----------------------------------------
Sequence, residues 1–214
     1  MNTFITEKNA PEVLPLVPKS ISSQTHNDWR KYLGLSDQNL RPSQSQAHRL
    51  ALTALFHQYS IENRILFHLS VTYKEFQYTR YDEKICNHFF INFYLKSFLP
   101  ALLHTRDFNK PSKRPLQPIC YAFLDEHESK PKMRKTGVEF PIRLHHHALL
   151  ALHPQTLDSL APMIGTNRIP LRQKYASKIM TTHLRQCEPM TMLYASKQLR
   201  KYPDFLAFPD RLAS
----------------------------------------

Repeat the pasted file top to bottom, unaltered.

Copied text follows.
Sequence, residues 1–214
     1  MNTFITEKNA PEVLPLVPKS ISSQTHNDWR KYLGLSDQNL RPSQSQAHRL
    51  ALTALFHQYS IENRILFHLS VTYKEFQYTR YDEKICNHFF INFYLKSFLP
   101  ALLHTRDFNK PSKRPLQPIC YAFLDEHESK PKMRKTGVEF PIRLHHHALL
   151  ALHPQTLDSL APMIGTNRIP LRQKYASKIM TTHLRQCEPM TMLYASKQLR
   201  KYPDFLAFPD RLAS